NEW YORK (AP) — When a team of documentary makers first suggested a movie about her life, Sonia Sanchez resisted.
“We come from that generation of being in the civil rights movement. And you never celebrate yourself. That’s the first thing we learned. It’s about the movement and people so you never really talked about yourself,” the poet, playwright, teacher and activist said recently during an interview at a midtown Manhattan hotel.
But Barbara Attie, Janet Goldwater and Sabrina Schmidt Gordon kept asking and Sanchez, spirited as ever at 81, finally relented, if only because her children encouraged her to share what she had learned and how she survived. “BaddDDD Sonia Sanchez” airs Tuesday night on World Channel’s “America ReFramed” series. The 90-minute film includes interviews, archival footage and tributes from such artists as Questlove, Mos Def, Ayana Mathis and two who have since died, Amiri Baraka and Ruby Dee.
“Having seen Sonia Sanchez ‘perform’ her poetry, and experiencing the power of her onstage presence, we knew that she would be an electrifying subject for a documentary,” Attie and Goldwater said in a joint statement.
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Sanchez’s life amazes even her. She has published more than a dozen works of poetry, children’s books and other literature. She was a leader of the Black Arts Movement, the artistic wing of the Black Power movement in the 1960s and ’70s. She is a pioneer of African-American studies. She has clashed with the Black Panthers, been harassed by the FBI (for teaching W.E.B. Du Bois among other “subversives”), arrested at protest gatherings and, after overcoming a childhood stammer, cheered by audiences worldwide.
She was born in Birmingham, Alabama, but moved to Harlem a few years later after the death of her mother and grandmother. A graduate of Hunter College, Sanchez also studied poetry at a workshop run by New Yorker poetry editor Louise Bogan and helped form a writers workshop in Greenwich Village.
By the 1960s she was a member of the Congress of Racial Equality (CORE) and had met one of her most important influences, Malcolm X. More than a foot shorter than Malcolm X, Sanchez remembers approaching him after a speech he gave and sharing some candid thoughts.
“I got right behind him and I tapped him on the shoulder and he turned around and he didn’t see me,” she recalled with a laugh. “And he looked down and smiled, and he said, ‘Yes?’ And I said, ‘Mr. X, I don’t believe everything you said.’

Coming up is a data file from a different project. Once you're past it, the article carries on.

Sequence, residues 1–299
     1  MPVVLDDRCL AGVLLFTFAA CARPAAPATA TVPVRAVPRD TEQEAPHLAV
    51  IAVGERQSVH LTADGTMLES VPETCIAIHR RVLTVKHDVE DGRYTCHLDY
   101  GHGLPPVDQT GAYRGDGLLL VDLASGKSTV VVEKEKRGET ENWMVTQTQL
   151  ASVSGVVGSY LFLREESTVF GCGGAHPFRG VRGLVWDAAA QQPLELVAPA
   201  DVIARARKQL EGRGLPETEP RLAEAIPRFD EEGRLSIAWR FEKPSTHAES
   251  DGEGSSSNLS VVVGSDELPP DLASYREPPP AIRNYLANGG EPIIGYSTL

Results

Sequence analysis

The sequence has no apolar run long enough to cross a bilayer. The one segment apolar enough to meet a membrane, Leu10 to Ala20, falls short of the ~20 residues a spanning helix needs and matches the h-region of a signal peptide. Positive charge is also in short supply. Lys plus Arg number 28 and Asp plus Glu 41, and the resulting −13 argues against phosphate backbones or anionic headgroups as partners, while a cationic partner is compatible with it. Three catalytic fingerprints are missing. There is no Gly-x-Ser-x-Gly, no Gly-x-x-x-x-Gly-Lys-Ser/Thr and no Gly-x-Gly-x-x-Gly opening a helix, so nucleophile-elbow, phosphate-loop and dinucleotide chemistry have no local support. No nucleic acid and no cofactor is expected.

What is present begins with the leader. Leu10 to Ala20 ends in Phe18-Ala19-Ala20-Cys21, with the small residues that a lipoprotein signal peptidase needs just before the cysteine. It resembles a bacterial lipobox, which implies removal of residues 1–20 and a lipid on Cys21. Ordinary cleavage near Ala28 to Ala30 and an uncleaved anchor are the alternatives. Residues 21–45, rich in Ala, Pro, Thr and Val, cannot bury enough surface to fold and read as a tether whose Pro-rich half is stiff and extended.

“And he looked at me. He had the most beautiful, quiet eyes of any human being on this earth. And he smiled down, with his eyes, and said, ‘One day, you will, my sister.'”
Sanchez sees the poet as a “creator of social values” and the performance as a renewal of ancient rituals: She sings, chants, whispers, clicks her tongue and shouts. Her breakthrough, she remembers, came on a winter’s night at Brown University in the early 1970s. After she read for an hour and a half and thought she was finished, a student requested “a/coltrane/poem,” in which Sanchez mimicked Coltrane’s saxophone with such lines as “”screeeeeeeeeeeeeeeeeCHHHHHHHHHHH.”
She had never read the poem out loud.
“And I said, ‘Here goes nothing.’ Really. And I started reading. But as I got into it, I had enough memory (Sanchez murmurs), hmmm, hmmm, of Coltrane at that particular time that I was able to almost fuse my voice to become what he was doing,” she explained.
“And there was this silence. And I figured, ‘God damn it, Sonia, you blew it.’ And then they all stood up en masse and started stamping their feet and clapping.”
Hip-hop artists look up to her, but Sanchez acknowledges she didn’t immediately take to the new music. She remembers coming home from work and hearing the “BOOM! BOOM! BOOM!” of her kids’ rap records. One day, as she was drinking a cup of tea, she asked them who they were listening to.
“And they said someone by the name of Tupac Shakur, and I dropped my cup and it broke, because I knew his mother, and she was in the (Black) Panther party, and I knew him as a little boy,” she said, adding that she couldn’t understand his lyrics because he spoke too fast.
“And my children were so annoyed with me, they actually said, ‘We have trouble understanding you. You speak so fast.'”
Along with her writing career, Sanchez has been teaching for 50 years, most recently at Temple University in Philadelphia, where she now lives. She remains friendly with many former students, some of whom turn up in unexpected places.
In 2006, during the Iraq War, Sanchez and some peers organized the “Granny Peace Brigade.” They entered a military recruitment center in Philadelphia and asked to enlist. Authorities soon arrived.
“They sent this former detective who comes out to these things. He came out said, ‘We’re going to handcuff you behind the back.’ And we said, ‘We’re not trying to escape.’ Then he came back and said, ‘We’ll handcuff you in front, so maybe it won’t hurt so much.’ And we said, ‘We’re still not trying to escape,'” Sanchez recalled.
“The third time, he sent in this young African American officer. And she came in and she looked at me and said, ‘Professor Sanchez, what are you doing here?'”